Little Sisters of Poor ought to compromise
In the March 28 News, Doug Turner opined that the Little Sisters of the Poor (whose mission is the care of the poor elderly) are being required to include birth control in their employees’ health insurance, contrary to their religious beliefs. One can only admire the charitable activities of religious groups over many centuries. However, the advancing nature of modern civilization has outstripped the capacity of charity and philanthropy to suffice.
In 1932, 70 percent of elderly Americans lived in not so genteel poverty. Thanks to what Turner decried as statism, the average person over 65 now receives a benefit of $18,000 in Social Security, as well as Medicare. Poverty is reduced to 20 percent, and we elderly are living longer and healthier than ever.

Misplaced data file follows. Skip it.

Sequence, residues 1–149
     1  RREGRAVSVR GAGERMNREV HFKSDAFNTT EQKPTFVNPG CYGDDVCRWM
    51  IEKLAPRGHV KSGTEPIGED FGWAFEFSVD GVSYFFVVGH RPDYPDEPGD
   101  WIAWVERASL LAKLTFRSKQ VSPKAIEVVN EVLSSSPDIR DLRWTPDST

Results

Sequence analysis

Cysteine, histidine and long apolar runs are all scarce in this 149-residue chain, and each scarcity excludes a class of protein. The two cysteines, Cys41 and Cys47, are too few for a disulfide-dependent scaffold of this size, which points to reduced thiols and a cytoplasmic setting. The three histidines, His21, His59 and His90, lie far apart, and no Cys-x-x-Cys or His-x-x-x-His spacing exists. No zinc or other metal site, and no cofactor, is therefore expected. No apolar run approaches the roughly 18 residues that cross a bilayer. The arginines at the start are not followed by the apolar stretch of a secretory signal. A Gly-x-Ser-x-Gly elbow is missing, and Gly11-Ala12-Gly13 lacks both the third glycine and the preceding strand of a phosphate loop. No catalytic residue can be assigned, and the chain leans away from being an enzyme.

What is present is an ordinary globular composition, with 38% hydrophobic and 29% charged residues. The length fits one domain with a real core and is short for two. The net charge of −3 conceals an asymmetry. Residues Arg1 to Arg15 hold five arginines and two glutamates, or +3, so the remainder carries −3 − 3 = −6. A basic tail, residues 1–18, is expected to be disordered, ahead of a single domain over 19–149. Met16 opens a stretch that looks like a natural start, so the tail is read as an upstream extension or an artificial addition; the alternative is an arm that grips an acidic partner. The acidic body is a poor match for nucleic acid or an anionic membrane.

During one of the recurring economic downturns of the 19th century (1890s), Maria Love, a leader of charitable activities in Buffalo, succeeded in recruiting the churches to provide basic necessities to the needy in their respective parishes. It was a failure. Only the taxing and redistributing power of the state can eliminate the deprivation of the modern post-industrial state. Perhaps the good sisters might be willing to compromise a bit inasmuch as the state does a job they could not hope to achieve.